But in terms of groups of people engaging with entertainment and media online, we can now essentially divide “people who regularly discuss pop culture on the internet” into four categories.

Critics, Journalists, and Broadcasters

Category #1 is critics and journalists. These are paid professionals who work—either full-time or on a freelance basis—for media outlets writing about films, TV shows, and the industry that produces them. 

Some members of this group, particularly if their primary focus is hosting, broadcasting, and reporting on television or radio, are already in SAG-AFTRA, though many others who do their work primarily in print are not.

Though they often also have a presence on social media and video platforms, their primary role is to inform, interpret, and enlighten rather than promote, and thus they wouldn’t take on any kinds of sponsorships or brand deals because it might lead to concerns about unfair bias or favoritism. This group will be able to continue business as usual during the strike.

Who Are Influencers, According to SAG-AFTRA?

Next, it’s one of those relatively muddled categories that’s difficult to entirely encompass with one simple definition: influencers. On the most basic level, obviously, this term just refers to someone with a reasonably sized internet audience that considers them an authority about a particular niche or topic. What makes the “influencer” category so tricky when it comes to the SAG-AFTRA strike is the prevalence of brand and sponsorship deals.

Some influencers, as well, are already members of SAG-AFTRA. According to SAG-AFTRA rules, if influencers perform alone (that is, they don’t share their primary distribution channels as part of a duo or group), are incorporated, own their intellectual property, and have direct relationships with brands, they are eligible for membership.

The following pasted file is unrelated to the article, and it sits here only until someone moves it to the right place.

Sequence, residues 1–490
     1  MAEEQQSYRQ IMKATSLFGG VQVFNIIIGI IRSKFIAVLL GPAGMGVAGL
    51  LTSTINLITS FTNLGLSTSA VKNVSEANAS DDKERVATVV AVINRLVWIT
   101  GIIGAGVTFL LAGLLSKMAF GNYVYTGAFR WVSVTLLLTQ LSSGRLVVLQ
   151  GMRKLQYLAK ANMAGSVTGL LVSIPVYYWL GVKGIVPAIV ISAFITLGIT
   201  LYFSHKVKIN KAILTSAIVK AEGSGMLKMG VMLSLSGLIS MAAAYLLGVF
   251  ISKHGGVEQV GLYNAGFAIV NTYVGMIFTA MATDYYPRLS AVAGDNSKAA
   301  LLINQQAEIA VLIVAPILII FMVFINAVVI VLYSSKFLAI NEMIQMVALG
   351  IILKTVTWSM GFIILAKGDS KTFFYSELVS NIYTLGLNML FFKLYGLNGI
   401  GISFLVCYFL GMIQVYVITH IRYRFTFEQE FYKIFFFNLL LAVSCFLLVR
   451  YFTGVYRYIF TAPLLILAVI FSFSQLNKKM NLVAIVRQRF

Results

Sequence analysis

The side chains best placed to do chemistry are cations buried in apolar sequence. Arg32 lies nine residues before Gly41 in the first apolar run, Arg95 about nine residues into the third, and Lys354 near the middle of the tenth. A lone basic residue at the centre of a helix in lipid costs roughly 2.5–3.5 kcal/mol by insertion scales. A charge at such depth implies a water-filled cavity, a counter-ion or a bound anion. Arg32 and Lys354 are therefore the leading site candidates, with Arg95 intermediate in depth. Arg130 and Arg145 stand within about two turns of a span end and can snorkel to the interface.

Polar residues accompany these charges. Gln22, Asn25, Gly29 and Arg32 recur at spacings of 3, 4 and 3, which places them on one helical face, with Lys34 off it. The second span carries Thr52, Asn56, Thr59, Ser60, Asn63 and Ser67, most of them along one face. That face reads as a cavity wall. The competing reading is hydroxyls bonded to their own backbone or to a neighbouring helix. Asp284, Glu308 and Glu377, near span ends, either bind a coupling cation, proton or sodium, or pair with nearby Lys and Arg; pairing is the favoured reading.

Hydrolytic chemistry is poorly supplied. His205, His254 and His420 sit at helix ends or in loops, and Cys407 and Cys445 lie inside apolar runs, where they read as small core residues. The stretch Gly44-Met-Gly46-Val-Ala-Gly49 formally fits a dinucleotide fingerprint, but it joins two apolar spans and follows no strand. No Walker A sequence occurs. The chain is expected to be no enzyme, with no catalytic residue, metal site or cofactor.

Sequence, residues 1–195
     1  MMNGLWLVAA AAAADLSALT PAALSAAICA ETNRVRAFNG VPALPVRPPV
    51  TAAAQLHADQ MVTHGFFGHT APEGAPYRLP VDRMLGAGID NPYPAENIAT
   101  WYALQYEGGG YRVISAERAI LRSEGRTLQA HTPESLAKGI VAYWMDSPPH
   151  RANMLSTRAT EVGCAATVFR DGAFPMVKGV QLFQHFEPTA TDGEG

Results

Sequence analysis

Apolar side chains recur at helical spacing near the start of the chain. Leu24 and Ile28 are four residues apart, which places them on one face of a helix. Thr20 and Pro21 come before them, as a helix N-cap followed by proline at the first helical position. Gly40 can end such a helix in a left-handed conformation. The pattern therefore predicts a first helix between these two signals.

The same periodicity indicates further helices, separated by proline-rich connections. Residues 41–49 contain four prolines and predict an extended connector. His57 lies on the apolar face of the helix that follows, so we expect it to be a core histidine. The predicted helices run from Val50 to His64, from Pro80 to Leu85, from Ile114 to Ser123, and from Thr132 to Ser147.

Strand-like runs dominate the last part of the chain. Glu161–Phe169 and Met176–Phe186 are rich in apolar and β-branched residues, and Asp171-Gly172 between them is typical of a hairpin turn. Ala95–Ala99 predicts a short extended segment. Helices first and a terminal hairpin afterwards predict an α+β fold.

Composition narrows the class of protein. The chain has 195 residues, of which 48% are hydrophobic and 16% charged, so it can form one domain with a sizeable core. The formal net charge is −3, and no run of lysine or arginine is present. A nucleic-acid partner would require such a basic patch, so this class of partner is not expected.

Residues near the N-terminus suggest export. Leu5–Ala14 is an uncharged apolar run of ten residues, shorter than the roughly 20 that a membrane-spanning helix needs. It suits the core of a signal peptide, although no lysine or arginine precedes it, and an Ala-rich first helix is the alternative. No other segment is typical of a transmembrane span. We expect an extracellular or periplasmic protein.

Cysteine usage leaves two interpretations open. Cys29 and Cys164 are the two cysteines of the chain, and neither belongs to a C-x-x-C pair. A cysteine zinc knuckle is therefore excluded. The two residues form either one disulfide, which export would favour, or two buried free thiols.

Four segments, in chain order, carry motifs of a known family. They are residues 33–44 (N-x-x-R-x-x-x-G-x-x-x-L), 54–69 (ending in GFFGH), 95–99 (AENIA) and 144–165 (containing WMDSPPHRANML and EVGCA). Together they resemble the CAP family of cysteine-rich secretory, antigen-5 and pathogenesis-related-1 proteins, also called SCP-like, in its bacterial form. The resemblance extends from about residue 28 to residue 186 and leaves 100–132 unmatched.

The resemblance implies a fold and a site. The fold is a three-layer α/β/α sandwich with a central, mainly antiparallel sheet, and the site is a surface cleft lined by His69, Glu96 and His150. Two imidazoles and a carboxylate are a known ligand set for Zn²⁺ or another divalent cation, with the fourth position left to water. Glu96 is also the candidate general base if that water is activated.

These professional influencers are a bit like a combination of celebrity spokesperson and ad agency. They’re hired by companies to produce campaigns, which are then distributed through their self-owned social media channels. SAG-AFTRA rules do also require them to disclose when they’re producing content as part of a sponsorship.

If these influencers are not affiliated with SAG-AFTRA and have no future plans to become professional actors and join, the union has no real power over them. They’ll be unimpacted by the strike unless they choose to support writers and actors by switching up their content.

But for others, who fear future retaliation or the dreaded label of “scab,” it’s probably wise to pull back from the ceaseless promotion of new and upcoming AMPTP shows and films. Some channels, podcasts, and creators have already signaled an intention to move at least some of their new content away from Hollywood studio releases and over to international shows and films, video games, independent productions, content that’s already in the public domain, and so forth.


STRIKE! SAG-AFTRA announced they’re going on #STRIKE effective July 14th. Here’s a look at the WGA strike featuring a lot of celebrities/ #SAGAFTRA members. Filmed & edited by #bwaySHO #WGAStrike #sagaftrastrike #mandypatinkin #adamscott #linmanuelmiranda #AmberRuffin #nickkroll

♬ original sound – bwaySHO

Reactors Blur the Lines Between Critics and Influencers